“to provide specialised financial messaging services, which are used to exchange financial data, to the legal persons, entities or bodies listed in Annex XV or to any legal person, entity or body established in Belarus whose proprietary rights are directly or indirectly owned for more than 50 % by an entity listed in Annex XV”.

Affected are:

  • Belagroprombank
  • Bank Dabrabyt
  • Development Bank of the Republic of Belarus

See Council Regulation (EU) 2022/398 of 9 March 2022

Status: 31.03.2022, 8pm CET

Show content of My company has accounts receivables in Russia for exported goods. Can these be paid?

Incoming payments from Russia require a case-by-case review which has to be taken into account by the involved parties (including the participating banks).

Show content of To and from which banks are payments no longer executed?

Payments are no longer executed to respectively from or via the below non-exhaustive list of banks. In general, majority-owned subsidiaries of sanctioned banks are also in scope. 

Russia

  • Central Bank of Russia (provided not as operator of local clearing system)
  • Vnesheconombank (‘VEB’)
  • Promsvyazbank PJSC (‘PSB’)
  • Bank Rossiya
  • Black Sea Bank for Development and Reconstruction
  • IS Bank
  • Joint Stock Company Genbank
  • VTB Bank PJS
  • Bank Otkritie Financial Corporation PJS
  • Sovcombank
  • Novikombank
  • SMP Bank
  • Sberbank & Alfa-Bank – additional information
  • Gazprombank (partly – see additional information below)

Belarus – state-owned banks (amongst others)

  • Belinvestbank
  • Belvnesheconombank (Belveb)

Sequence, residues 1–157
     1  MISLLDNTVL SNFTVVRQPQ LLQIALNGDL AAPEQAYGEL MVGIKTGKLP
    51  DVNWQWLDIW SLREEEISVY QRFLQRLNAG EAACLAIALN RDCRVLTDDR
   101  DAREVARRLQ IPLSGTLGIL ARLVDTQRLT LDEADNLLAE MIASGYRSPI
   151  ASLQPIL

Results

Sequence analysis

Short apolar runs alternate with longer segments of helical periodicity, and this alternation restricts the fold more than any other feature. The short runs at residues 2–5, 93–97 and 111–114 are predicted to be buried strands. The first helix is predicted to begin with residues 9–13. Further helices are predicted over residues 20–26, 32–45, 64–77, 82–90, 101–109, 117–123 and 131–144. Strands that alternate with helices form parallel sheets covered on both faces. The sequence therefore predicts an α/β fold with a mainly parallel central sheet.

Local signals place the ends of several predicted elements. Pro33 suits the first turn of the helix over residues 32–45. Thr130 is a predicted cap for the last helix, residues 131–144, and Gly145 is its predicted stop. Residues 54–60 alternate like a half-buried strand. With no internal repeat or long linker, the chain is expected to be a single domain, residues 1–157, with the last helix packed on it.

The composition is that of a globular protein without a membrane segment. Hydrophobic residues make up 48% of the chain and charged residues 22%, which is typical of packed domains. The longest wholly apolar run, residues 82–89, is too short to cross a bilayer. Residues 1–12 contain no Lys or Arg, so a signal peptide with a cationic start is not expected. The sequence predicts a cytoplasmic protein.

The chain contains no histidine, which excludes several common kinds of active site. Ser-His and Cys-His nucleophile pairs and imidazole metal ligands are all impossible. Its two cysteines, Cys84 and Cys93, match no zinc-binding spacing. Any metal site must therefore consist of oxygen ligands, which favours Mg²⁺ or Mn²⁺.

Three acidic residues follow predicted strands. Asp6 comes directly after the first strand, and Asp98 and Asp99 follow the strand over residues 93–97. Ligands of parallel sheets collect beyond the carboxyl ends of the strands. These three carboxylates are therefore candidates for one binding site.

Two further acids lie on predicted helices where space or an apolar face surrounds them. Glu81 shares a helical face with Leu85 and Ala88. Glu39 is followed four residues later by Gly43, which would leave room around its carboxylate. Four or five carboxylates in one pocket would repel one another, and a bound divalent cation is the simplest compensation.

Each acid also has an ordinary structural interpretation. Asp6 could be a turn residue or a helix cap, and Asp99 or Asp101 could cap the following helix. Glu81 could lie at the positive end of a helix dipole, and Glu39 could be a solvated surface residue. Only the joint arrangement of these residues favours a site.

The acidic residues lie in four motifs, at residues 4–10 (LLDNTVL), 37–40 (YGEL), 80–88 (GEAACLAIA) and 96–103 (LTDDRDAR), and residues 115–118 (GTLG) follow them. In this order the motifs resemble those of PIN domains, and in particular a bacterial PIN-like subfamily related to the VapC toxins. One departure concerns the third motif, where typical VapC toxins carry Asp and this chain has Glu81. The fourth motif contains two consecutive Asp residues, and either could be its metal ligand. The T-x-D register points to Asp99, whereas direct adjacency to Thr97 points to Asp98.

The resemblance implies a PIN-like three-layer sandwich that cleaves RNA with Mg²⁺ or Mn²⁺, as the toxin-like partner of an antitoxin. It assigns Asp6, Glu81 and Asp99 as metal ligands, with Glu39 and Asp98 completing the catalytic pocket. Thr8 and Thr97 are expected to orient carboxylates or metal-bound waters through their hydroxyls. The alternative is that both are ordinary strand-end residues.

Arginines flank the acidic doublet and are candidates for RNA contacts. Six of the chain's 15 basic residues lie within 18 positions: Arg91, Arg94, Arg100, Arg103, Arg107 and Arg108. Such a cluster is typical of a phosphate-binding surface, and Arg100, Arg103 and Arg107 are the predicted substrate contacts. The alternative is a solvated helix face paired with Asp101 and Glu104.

• Bank Dabrabyt

Sberbank & Alfa-Bank – additional information

  • USA & Great Britain: In principle, payment transactions are stopped and blocked/rejected if Sberbank or Alfa Bank are in any capacity involved in the payment transaction chain (exception: certain wind down transactions and energy-related transactions as per licenses for Sberbank and to the extent visible in the transaction).
  • Other jurisdictions (e.g. EU): Incoming payments from the sanctioned parties are executed if not going to another sanctioned party. Incoming payments from the sanctioned parties are rejected, unless they are for our own clients (end beneficiary).

Gazprombank – additional information

  • USA & EU: In principle, payment transactions are executed unless they have a specific UK nexus (e.g. GBP payments) or are providing certain financing to Gazprombank.
  • Great Britain: Transactions are stopped and rejected/blocked in UK under asset freeze sanctions.

Under “sanctions and news“ you will find additional infos and links. Status: 05 May, 11:00 am CET

Show content of My business partner has an account with a bank in Russia which is not included on the sanction lists and the business partner wants to pay me cross border. Will the payment be accepted outside of Russia?

In any case, companies should expect restrictions and financial risks in cross-border payments.

If a cross-border payment is possible depends on whether:

  • the instructing party
  • the bank of the instructing party
  • the beneficiary
  • the bank of the beneficiary
  • an intermediate bank
  • the payment underlying business

is targeted by a respective sanction – from the perspective of a bank involved in the payment chain.

Even if, for example, the bank of the instructing party is not targeted by sanctions, but this bank can only pay cross-border out of Russia via a sanctioned correspondent bank, this payment would not be executed by banks outside of Russia – provided they are subject to the respective sanction regime. Moreover, there is the possibility that involved banks might not execute payments due to risk considerations. Therefore, restrictions in cross-border payments should be anticipated.

Companies should not expect payments to be executed only because the bank of the payer and the beneficiary are not included on sanction lists.

Status: 07.03.2022, 7:00 pm CET

Trade Finance

Show content of To what extend are letters of credit affected by the current developments in Russia and Ukraine?